FROM KATHERINE B. MCGUIRE, APA CHIEF ADVOCACY OFFICER
For the Week of October 7–11, 2019
In this issue:
Presenting Psychological Science to the U.S. Supreme Court
APA filed an amicus brief on three cases now before the Supreme Court that center on whether Title VII of the landmark Civil Rights Act of 1964—which prohibits discrimination based on sex—protects LGBT individuals at work. APA’s brief cites scientific literature on gender and sexuality that supports the understanding that discrimination based on sexual orientation and gender identity is discrimination because of sex and is therefore prohibited under federal law. The court’s decision could effectively determine whether federal non-discrimination protections cover LGBT people across several contexts, including employment, housing, health care and education. Over the years, APA has filed numerous amicus briefs in cases regarding sexual orientation. “We are hopeful that the U.S. Supreme Court will continue to rely on this evidence and rule that LGBT citizens deserve the same workplace protections as everyone else,” said APA President Rosie Phillips Davis, PhD, ABPP, in an Oct. 8 statement.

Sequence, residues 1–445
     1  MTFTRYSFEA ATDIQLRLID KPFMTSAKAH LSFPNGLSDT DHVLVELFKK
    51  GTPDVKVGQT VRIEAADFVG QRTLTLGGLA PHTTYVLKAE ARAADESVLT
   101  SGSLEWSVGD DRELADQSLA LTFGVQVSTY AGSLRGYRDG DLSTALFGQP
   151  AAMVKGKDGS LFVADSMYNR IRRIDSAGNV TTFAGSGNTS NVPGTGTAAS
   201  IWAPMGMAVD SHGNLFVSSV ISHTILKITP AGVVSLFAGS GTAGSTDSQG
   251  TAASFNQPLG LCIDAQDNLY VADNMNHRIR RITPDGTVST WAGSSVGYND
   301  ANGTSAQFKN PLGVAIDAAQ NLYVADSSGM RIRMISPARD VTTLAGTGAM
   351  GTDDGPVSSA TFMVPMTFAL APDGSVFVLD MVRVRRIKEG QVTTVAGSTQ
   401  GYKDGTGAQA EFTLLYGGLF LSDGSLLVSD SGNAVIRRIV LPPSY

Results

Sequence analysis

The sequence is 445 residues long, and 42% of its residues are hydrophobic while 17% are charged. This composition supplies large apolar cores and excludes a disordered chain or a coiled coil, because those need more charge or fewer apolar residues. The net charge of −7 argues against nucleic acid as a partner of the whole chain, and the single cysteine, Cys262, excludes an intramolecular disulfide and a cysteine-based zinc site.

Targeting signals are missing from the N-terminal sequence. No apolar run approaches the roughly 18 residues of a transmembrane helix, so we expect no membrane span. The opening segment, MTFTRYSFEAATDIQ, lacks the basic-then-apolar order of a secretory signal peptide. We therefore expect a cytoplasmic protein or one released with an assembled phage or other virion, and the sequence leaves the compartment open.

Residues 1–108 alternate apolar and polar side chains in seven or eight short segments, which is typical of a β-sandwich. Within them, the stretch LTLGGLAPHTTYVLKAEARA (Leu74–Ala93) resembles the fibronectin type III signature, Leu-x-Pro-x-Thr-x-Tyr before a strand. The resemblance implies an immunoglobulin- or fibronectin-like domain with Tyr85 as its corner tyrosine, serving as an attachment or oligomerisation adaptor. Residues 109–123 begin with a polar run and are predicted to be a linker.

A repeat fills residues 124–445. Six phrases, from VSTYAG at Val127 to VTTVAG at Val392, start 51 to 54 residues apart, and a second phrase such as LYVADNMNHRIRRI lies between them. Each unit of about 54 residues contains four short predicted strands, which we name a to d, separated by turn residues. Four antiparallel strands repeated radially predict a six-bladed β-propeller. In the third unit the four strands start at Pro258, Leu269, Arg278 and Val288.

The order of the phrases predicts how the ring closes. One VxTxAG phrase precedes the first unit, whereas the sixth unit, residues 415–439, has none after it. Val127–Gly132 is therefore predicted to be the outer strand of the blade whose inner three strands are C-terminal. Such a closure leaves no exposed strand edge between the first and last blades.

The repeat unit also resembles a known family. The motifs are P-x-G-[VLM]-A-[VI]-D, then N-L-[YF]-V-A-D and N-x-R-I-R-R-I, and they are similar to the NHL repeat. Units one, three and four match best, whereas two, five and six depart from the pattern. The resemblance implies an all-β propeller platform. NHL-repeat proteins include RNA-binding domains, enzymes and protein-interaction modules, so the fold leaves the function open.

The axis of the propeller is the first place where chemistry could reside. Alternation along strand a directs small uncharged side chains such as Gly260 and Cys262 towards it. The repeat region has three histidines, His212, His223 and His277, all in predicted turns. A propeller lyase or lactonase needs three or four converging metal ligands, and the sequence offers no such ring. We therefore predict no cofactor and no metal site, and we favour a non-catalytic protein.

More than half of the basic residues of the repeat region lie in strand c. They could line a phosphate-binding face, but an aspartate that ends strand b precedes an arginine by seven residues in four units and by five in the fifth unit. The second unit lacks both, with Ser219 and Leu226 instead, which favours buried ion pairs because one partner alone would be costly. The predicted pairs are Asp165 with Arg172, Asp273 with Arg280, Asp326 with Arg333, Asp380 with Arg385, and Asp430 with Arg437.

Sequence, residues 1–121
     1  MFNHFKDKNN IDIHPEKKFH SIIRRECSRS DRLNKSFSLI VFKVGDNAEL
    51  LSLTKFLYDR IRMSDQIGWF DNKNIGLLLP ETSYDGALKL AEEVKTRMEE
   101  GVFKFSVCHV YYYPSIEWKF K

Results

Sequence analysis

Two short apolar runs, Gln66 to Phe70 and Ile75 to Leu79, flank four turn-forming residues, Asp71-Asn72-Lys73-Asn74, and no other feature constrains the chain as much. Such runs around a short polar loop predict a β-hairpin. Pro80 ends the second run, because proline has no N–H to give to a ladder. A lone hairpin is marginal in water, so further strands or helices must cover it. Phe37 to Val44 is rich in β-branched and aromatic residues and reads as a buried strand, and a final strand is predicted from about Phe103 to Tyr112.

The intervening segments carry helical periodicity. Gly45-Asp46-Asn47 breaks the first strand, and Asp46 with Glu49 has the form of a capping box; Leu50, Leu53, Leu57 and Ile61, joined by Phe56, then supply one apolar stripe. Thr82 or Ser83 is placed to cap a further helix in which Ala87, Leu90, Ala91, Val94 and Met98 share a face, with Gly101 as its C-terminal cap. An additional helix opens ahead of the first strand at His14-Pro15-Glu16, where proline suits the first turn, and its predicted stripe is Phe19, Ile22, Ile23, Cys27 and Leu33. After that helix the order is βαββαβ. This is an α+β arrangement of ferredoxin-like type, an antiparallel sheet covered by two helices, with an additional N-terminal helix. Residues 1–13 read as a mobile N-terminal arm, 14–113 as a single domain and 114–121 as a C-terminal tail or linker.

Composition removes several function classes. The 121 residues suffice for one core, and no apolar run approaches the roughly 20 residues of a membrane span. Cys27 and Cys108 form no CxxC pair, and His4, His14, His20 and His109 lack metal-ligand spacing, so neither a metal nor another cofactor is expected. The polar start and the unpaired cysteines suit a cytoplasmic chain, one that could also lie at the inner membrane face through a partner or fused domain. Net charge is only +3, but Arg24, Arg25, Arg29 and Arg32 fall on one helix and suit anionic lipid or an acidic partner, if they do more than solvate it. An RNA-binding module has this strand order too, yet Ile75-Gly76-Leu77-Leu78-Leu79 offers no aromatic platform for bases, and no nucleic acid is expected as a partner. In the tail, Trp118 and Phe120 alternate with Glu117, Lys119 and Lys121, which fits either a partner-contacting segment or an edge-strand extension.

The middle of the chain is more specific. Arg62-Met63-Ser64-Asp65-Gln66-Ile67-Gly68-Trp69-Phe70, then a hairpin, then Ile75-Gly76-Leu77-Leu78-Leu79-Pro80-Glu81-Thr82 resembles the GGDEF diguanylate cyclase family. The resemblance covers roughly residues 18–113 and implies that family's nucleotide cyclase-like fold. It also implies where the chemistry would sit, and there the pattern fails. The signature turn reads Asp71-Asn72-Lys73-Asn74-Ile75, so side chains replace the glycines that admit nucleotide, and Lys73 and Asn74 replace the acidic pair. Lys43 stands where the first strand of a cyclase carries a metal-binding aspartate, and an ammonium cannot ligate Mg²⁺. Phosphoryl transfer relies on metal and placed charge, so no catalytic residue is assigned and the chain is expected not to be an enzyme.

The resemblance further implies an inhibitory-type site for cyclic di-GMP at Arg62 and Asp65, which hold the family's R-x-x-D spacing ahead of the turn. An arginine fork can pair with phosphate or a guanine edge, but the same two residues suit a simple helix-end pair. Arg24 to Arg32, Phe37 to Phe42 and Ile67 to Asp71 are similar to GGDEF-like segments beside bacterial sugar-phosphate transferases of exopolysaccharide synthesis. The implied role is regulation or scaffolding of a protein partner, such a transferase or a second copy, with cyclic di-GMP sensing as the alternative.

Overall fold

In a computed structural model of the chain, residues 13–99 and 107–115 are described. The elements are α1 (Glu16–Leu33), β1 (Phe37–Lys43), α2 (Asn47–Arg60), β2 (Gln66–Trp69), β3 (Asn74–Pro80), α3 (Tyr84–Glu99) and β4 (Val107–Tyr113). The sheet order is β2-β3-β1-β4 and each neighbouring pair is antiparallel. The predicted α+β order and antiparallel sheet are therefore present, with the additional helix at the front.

For more information, contact Leo Rennie, MPA, at firstname.lastname@example.org.
Seeking to Protect Students from Sudden College Closures
APA is voicing its support for the bipartisan Stop College Closures Act of 2019 (H.R. 4615), introduced by Reps. Donna Shalala (D-Fla.), Peter King (R-N.Y.) and Sean Casten (D-Ill.). The bill would require institutional accreditors to proactively monitor higher education institutions that are at risk of financial instability and improve protections for students in the wake of sudden college closures. The need for such protections became clear earlier this year with the shutdown of Argosy University, which upended the lives and education of hundreds of doctoral psychology students.
For more information, contact Kenneth Polishchuk at email@example.com.
Working to Safeguard Essential Nutrition Programs
APA is working to ensure that 3.1 million low-income households do not lose access to vital food and nutrition services. In comments to the U.S. Department of Agriculture, APA condemned a proposed rule that would change eligibility in the Supplemental Nutrition Assistance Program (SNAP). APA highlighted psychological research demonstrating that SNAP provides both short- and long-term health benefits, including reduced food insecurity, improved overall health and decreased psychological stress.
For more information, contact Aaron Bishop at firstname.lastname@example.org and Cynthia Whitney at email@example.com.